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China, through its "artificial sun" tokamak reactor, just set a new world record for sustained plasma reaction. This device, according to reports, ran at 120-million Celsius for 101 seconds, a breakthrough that could pave the way for a carbon-neutral energy future.

That, Popular Mechanics specifically reported, is a huge step, although it is still far from the exact sustained energy for fusion.

The Experimental Advanced Superconducting Tokamak or EAST, or HT-7U, is a custom-built fusion reactor that has run in different stages since 2006.

Like many of the tokamak experiments globally, EAST has previously reached fusion. As a refresher, inside the donut-shaped, or at times, more spherical, containment of a tokamak, sun-hot plasma is swirling in a circle that has held in place by the so-called "supercooled electromagnets."

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(Photo: Xiang Gao, Yao Yang, Tao Zhang, Haiqing Liu, Guoqiang Li, Tingfeng Ming, Zixi Liu, Yumin Wang, Long Zeng, Xiang Han et al. on Wikimedia Commons)
Experimental setup for high-βN discharges in the 2015 EAST Tokamak campaign. EAST vacuum vessel and plasma current direction. The three main in-vessel materials are molybdenum for the first wall, graphite for the lower divertor plate, and tungsten for the upper divertor plate.

Magnetic Field

Such a magnetic field is the only thing that floats between 350-million-degree plasma and a bunch of human-made materials that evidently cannot withstand that temperature. More so, the plasma is resulting from smashing different nuclei together, fusing them, instead of splitting them.

This necessitates a large energy investment, which critics claim, means fusion will never actually get off the ground. And up to now, all tokamaks are working for only a scant few seconds at lower temperatures before an occurrence goes wrong.

This is the reason EAST, as described by the Institute of Plasma Physics Chinese Academy of Sciences, which just appropriately "turned on" in December 2020, as mentioned, operating for 101 seconds at 120 million Celsius is such a great deal. This, the said report specified, is a "double whammy," quite a long runtime at a tremendously high temperature.

Reason for Such an Extraordinarily Hot Temperature

In 2018, China's "artificial sun" tokamak reaction reached 180 million degrees Fahrenheit or approximately 82 million degrees Celsius. Although back then, it could only withstand the plasma for roughly 10 seconds.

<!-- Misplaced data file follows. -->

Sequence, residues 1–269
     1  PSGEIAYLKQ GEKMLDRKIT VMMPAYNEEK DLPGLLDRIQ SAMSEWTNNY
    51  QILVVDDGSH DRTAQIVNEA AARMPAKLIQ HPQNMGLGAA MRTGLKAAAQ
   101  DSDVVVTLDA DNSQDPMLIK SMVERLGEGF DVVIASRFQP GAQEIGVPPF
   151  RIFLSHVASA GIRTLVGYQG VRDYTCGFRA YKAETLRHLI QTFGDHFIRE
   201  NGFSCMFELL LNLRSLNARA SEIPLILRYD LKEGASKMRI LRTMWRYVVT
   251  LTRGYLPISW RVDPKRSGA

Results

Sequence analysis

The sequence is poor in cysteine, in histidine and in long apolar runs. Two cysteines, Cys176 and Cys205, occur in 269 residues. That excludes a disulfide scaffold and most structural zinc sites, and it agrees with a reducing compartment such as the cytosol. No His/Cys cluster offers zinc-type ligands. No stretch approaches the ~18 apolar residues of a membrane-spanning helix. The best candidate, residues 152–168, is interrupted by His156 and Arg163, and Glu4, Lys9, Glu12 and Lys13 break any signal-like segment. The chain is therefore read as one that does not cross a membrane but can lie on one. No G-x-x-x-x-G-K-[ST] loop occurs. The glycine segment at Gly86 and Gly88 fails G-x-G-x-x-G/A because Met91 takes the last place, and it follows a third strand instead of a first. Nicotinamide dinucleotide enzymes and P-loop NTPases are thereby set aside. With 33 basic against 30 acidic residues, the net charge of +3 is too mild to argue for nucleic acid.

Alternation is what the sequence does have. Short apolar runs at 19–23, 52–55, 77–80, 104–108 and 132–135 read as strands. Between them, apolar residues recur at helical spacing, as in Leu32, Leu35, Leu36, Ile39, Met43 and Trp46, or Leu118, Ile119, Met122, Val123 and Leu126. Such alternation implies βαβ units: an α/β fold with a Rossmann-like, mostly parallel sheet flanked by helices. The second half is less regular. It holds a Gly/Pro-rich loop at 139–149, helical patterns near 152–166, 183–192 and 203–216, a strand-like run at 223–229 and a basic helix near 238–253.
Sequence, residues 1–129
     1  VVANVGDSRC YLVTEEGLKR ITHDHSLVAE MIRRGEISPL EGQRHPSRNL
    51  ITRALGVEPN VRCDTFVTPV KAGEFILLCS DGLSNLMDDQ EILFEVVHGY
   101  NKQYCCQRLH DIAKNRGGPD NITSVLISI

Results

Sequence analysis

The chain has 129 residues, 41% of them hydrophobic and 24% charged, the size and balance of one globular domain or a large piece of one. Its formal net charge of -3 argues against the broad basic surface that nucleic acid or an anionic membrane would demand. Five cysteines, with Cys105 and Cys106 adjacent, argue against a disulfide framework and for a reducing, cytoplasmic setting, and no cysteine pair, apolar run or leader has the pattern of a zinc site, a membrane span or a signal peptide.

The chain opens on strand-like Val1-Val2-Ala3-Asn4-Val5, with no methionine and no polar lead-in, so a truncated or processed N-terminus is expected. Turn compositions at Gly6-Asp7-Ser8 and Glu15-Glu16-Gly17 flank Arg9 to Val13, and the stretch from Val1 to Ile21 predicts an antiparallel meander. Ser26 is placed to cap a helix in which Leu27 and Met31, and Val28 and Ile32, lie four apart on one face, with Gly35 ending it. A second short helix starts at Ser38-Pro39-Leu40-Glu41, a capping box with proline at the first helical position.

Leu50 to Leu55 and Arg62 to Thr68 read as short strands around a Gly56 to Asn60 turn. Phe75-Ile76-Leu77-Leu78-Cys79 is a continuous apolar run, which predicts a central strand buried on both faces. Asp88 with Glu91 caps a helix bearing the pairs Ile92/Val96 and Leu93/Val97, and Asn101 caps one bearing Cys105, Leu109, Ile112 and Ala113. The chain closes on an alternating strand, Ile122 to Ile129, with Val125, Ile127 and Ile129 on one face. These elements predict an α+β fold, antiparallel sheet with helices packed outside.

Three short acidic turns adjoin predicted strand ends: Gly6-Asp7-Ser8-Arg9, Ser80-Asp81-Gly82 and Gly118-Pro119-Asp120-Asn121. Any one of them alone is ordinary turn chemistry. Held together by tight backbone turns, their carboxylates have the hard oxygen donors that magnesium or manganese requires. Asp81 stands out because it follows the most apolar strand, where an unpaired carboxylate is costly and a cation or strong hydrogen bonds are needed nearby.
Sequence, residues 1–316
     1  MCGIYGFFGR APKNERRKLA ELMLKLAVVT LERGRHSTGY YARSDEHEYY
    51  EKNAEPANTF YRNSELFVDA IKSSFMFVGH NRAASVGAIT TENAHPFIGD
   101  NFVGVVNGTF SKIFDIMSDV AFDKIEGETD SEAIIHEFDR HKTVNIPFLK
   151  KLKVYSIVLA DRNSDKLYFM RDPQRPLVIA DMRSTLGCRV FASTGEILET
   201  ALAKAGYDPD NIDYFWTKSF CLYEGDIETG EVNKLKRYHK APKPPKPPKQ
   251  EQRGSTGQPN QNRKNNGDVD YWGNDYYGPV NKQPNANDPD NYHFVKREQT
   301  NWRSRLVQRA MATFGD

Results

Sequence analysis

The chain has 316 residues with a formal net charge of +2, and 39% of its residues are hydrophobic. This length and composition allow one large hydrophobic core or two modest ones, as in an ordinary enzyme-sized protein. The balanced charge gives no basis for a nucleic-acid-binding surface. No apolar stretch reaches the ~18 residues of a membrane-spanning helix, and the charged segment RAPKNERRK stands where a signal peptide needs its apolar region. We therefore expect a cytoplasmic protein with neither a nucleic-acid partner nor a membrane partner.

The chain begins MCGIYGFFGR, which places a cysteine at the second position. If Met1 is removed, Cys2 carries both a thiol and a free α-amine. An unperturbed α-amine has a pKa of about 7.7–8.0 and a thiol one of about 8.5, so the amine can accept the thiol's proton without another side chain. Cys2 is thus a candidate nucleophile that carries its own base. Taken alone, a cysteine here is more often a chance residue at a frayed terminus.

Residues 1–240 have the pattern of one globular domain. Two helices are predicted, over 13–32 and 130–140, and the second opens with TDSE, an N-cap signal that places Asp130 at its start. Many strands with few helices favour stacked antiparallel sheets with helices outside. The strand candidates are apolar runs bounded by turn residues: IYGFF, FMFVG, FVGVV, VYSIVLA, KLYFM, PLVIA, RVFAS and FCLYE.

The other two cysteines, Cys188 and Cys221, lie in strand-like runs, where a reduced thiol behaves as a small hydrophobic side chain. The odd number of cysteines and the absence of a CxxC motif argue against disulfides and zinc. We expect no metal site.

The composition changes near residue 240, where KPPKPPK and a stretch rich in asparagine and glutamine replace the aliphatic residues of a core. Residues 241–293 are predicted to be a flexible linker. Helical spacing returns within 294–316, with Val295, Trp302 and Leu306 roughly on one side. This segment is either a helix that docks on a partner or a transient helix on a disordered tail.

That is not hot or long enough, but 120 million degrees Celsius and 101 seconds, which EAST attained in late May, definitely are.

Therefore, this is a record for both the necessitated power-generating temperature, and the duration for retaining the temperature at a stable level.

What's the reason for such an extraordinarily hot temperature? The answer is that, after all, the sun is operating at only 15 million degrees Celsius.

Although it also has a huge advantage due to its gigantic size, getting a support from gravity that helps to smash together its atoms.

A Long Way from Ignition

Earthbound tokamaks, instead of using gravity, need to heat to many million more degrees to make the atoms responsive to the smash.

While the new record of China's artificial sun is impressive, it is still quite a long way from self-sustaining plasma or ignition. That will engage possibly even higher temperatures that are held for a more extended time.

As for the world's other high-profile reactors, the United Kingdom's MAST reactor, as reported last month on BBC News via Yahoo! News, recently landed the headlines with a new exhaust system that lessens the heat 10 times better compared to its predecessor.

In the meantime, the global International Thermonuclear Experimental Reactor or ITER is on track to construct the largest tokamak ever, with the first-ever plasma projected in 2030. Each experimental reactor has objectives of helping push technology forward to assist all the others.

EAST's future involves learned by ITER and the KSTAR of Korea, which held the previous fusion record, MAST, and even private tokamak researchers that chip away at the major obstacles to fusion energy.

All of the aforementioned share the same goal: to sustain a tremendously hot reaction and keep their equipment safely operating for the longest possible time.

Related information is shown on Mr. Scientific's YouTube video below:

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